Among the most often used objects in your house is the toilet. Clogged toilets can annoy your family, which results in a nasty cleaning. This problem might have several underlying reasons. Drain line issues, the contents of your toilet tank, or even the bathroom seat itself are all possible causes of clogged drains.
To stop potential blockages, you should know why your water backs up. This knowledge will allow you to store your plunger away, which you will never use anyhow. Be on the lookout for these common household problems that might block your toilet.
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You Have a Low-Flow Toilet
Low-flush toilets save resources because they consume less water while flushing, resulting in lower water bills and consumption. These toilets, however, are frequently the source of reduced water pressure issues. Some low-flow toilets, manufactured between 1994 and 1997, had insufficient power to force waste down the pipes.
Be extremely cautious when flushing a considerable volume of toilet paper down the toilet at once. You may also want to think about replacing your bowl with a water-saving one that retains all of its functionality while having more power.
Blockage in the Toilet Trap
Most people know the P-trap on their sink, but did you realize your loo has one, too? Your toilet trap has an S shape rather than a P and lies between the drain line and the toilet seat. The bowl’s trap works similarly to the P-trap on a sink, avoiding a clog. It catches foreign things and keeps them from reaching the pipes that eventually cause clogging.
Because of its function, this is a popular spot for unwanted objects to block. Non-flushable materials and a thick mesh of toilet paper might get stuck in the trap after you flush them. It’s more probable that typically flushed waste may snag and clog the toilet when there’s a substantial bulk caught in the trap.
If your toilet has a block, you can try removing the clog in the trap by using the plunger. It forces the water through the trap to clear the obstruction.
Using a toilet auger is an added alternative if your plunger doesn’t do the job. If the toilet’s drain immediately encounters resistance, you most likely have a clogged S trap. Slide the auger inside your toilet’s drain and drive it down until you find an obstruction. Grip onto the auger, twist it to dislodge the blockage matter, and remove the fragments from the drain by pulling the device out. If you still can’t remove the blockage on your own, you might want to consider calling a plumbing service company.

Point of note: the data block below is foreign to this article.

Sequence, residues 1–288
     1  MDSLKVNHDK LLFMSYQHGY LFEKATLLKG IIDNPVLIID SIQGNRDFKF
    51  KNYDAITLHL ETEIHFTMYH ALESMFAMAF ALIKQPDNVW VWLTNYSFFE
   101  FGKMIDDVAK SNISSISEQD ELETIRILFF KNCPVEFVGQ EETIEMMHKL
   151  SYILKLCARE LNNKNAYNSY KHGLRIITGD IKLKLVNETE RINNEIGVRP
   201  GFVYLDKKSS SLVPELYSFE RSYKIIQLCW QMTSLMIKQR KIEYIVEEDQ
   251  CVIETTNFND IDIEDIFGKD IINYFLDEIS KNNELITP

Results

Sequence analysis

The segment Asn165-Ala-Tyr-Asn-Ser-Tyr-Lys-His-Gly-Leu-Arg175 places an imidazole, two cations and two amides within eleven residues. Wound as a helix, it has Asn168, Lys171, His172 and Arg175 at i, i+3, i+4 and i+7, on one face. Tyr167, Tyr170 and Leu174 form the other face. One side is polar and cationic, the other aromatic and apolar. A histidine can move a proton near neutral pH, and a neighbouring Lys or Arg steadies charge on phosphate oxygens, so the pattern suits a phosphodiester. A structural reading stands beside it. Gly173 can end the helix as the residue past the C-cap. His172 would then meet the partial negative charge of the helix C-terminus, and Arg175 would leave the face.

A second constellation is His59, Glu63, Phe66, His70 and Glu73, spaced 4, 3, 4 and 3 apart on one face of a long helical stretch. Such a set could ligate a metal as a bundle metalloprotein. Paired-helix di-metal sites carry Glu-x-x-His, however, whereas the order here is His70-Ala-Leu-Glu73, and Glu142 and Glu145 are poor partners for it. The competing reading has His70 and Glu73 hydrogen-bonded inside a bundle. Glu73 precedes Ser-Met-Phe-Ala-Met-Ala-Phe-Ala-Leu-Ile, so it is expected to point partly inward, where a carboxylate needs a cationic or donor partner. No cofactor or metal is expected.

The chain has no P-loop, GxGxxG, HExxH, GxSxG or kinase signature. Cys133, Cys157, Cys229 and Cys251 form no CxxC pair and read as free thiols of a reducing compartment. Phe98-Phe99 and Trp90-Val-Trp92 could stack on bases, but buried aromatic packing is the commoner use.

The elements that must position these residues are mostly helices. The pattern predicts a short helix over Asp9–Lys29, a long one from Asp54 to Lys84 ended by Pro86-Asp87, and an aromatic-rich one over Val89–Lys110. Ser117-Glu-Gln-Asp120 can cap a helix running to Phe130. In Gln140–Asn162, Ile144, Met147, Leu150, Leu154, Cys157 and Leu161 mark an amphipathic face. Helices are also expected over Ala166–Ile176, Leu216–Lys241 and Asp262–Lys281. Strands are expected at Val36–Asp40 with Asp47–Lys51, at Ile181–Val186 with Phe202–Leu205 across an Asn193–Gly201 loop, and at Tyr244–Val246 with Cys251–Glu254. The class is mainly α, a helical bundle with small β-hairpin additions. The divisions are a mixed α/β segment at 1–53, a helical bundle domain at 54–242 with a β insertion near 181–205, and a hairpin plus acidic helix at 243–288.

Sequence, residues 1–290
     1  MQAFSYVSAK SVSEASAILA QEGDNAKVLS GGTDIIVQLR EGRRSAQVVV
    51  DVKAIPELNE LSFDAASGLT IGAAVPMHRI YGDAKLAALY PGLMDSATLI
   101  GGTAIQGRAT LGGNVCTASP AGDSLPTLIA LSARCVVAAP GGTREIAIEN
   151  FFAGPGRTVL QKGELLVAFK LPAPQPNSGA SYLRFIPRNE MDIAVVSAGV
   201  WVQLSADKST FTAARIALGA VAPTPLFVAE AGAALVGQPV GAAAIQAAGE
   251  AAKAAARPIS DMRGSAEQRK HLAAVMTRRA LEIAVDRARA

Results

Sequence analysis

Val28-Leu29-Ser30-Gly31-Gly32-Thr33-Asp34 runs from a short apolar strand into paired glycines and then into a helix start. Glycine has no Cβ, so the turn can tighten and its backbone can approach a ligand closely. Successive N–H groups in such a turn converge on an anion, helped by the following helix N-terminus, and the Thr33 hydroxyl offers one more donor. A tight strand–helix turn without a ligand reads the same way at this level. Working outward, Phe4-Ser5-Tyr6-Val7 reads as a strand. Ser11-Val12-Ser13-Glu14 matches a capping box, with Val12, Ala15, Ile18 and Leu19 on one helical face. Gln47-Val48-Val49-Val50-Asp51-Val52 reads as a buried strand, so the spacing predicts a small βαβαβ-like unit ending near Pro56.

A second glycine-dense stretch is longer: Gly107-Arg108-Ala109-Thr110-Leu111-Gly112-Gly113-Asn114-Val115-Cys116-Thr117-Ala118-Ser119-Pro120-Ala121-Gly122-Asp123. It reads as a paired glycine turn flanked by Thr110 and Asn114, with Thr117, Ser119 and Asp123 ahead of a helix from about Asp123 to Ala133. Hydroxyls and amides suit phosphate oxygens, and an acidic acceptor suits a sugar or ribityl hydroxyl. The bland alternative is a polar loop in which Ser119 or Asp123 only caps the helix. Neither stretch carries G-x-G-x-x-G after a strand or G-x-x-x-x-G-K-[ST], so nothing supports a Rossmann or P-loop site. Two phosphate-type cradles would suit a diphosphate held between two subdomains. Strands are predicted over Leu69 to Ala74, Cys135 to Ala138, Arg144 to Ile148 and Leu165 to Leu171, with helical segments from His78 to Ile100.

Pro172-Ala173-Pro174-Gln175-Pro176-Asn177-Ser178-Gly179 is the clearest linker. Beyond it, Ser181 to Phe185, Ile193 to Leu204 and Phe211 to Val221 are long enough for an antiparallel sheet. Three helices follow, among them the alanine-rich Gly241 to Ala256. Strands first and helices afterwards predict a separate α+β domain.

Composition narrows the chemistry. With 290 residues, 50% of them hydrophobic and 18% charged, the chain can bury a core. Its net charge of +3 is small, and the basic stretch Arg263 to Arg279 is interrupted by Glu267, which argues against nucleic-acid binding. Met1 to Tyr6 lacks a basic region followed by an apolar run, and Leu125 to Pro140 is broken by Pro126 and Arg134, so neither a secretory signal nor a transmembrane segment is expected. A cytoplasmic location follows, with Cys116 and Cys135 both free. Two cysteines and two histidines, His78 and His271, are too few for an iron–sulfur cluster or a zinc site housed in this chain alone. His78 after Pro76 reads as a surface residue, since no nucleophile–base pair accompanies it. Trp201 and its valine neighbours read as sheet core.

Flushing Non-Flushable Items
There is a limit to the items you can flush down the toilet. For example, when using toilet paper, be aware that manufacturers designed it to break down rapidly in water and rarely spells trouble. However, wipes and disposable tissues belong to the trash and not the toilet. Objects like dental floss, cotton balls, and Q-tips can clog the drains and trigger a backup in the bowl every time you flush them down the toilet.
Discuss with your household what you can and cannot flush. It’s best not to Do not store any non-flushable things in the bathroom if you have toddlers. Have a big trash bin in your lavatory to make non-flushable waste easier to dispose of and throw away.
More Fiber in Your Diet Is Necessary
Even though I’m not a doctor, it’s apparent that certain people whose diets are high in meat might have a particularly firm stool and are more prone to getting lodged. This is also a side effect of certain medicines. Moreover, the toilet may clog only when a certain number of people use it, rather than every time.
Consume a variety of veggies and fruits at least three times a day. Also, consult with your physician about this, as it’s not healthy for the interior plumbing of your body.
You may have to buy a power-assist loo with additional flushing force if you can’t address the problem health-wise. You can often find these in public restrooms, where the risk of blockages is too significant. Fortunately, these toilets have comparable prices with standard models. However, they consume a large quantity of water.
Being Aware of Your Toilet Functions
For a homeowner, it’s always best to be well-versed on their home systems to stray from any future issues. Do some research and check if your toilet is connected to the sewer network or self-contained through a septic tank. When it comes to septic systems, there are particular issues about how they work and what chemicals they require to speed up the waste breakdown process and prevent certain items from flushing.
Consider the size, location, age, and other factors of your property when talking to a plumber about how to manage your plumbing system best.